We, and many other writers and thinkers, have kicked into high gear with advice about how to navigate the coronavirus pandemic and its effects on businesses. But advice isn’t the same as a solution that will work for you. Ultimately, what you do comes down to your unique situation - your leadership team, people, culture, customer set, partners, products, locale, technological infrastructure, and capabilities. You have to think through all the great advice you’re receiving, and translate it into the right solution for your place and time. That’s what it means to be a leader in a crisis situation.

But you mustn’t go it alone. Again, with a need for fast action, it’s tempting to develop and dictate solutions and action plans top-down. That’s way faster (in most cases) than being inclusive. But there are two problems with that approach:

  • You (and the rest of the leadership team) don’t have enough variety to find the best possible solution.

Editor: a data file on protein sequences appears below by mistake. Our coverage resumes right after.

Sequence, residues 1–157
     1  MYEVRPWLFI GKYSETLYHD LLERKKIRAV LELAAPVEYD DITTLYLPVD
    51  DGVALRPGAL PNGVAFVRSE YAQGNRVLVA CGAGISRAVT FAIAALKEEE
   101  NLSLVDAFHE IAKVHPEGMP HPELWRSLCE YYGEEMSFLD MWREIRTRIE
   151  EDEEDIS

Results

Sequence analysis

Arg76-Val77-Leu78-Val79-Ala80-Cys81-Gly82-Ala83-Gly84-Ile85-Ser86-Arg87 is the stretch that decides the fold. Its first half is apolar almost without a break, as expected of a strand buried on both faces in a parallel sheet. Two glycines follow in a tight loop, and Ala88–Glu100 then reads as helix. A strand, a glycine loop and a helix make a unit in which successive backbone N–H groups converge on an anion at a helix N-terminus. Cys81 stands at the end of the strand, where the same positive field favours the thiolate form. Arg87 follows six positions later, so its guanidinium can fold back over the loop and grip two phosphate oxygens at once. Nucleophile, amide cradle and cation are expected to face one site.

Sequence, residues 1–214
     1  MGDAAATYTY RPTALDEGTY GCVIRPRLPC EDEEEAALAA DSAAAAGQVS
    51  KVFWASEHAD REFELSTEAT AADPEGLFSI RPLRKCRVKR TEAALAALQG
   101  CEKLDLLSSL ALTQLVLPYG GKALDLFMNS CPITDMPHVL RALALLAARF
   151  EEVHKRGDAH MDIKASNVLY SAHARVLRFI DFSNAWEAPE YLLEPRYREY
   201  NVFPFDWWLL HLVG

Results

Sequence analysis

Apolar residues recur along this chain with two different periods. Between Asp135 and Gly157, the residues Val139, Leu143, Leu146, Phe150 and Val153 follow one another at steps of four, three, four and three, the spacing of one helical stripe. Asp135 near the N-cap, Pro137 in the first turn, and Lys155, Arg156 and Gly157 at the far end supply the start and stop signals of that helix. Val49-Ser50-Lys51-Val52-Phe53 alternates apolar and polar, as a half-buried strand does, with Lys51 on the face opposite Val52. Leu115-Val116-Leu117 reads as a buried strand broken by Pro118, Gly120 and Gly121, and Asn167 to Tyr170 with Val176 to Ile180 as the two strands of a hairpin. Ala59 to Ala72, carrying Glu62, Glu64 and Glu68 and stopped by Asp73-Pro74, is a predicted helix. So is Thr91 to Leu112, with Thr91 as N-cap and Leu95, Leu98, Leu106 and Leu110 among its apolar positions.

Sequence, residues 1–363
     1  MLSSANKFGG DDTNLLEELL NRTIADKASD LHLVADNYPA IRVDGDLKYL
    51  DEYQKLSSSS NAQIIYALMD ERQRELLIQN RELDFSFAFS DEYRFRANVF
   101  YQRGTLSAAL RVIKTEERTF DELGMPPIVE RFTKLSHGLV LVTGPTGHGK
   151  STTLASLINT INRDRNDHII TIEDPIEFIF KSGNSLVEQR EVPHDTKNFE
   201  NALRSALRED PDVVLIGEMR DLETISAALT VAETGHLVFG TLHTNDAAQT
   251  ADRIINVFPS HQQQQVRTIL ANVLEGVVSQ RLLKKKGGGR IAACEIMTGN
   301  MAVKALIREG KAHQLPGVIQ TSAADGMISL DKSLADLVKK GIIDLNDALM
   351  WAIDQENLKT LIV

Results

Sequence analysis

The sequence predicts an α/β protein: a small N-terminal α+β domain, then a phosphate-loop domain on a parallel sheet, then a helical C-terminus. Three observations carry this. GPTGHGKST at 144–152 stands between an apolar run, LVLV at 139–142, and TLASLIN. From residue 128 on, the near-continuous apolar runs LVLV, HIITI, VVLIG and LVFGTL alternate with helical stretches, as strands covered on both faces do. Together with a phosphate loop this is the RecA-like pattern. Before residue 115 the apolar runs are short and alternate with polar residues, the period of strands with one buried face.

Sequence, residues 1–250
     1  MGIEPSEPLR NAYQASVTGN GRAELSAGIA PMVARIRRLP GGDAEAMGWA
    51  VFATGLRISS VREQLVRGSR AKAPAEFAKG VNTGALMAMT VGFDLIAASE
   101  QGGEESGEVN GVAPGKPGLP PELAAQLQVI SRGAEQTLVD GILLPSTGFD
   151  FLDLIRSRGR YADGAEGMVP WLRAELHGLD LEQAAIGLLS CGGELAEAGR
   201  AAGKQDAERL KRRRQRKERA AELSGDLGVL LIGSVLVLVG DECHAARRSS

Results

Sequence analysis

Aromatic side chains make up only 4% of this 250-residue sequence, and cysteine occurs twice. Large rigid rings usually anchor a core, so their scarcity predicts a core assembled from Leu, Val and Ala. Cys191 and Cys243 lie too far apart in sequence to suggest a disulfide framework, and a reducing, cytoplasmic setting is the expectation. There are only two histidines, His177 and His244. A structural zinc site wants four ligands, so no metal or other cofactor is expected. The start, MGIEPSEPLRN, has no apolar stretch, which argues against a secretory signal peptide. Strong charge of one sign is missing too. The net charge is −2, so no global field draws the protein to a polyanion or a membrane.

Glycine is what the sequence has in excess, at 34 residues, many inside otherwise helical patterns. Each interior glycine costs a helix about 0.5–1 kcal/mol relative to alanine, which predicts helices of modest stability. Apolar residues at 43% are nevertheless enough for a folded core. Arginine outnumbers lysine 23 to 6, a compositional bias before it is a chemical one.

• And even if you do discover a strong solution and develop the right action plan to implement it, you (and the rest of the leadership team) can’t execute that plan on your own. By leaving others out of the process of creating it, you now have a persuasion campaign and/or resistance in front of you. And who has time for that?

Here’s a review of our advice for developing solutions and action plans in the face of complex challenges. It’s good and it’s proven, but if you’re going to take it, first think about how to adapt it to your reality:

  1. Articulate your challenge statement as a question.
  2. Engage and involve requisite variety in answering the question.
  3. Connect the people who make up your requisite variety group directly together, many-to-many.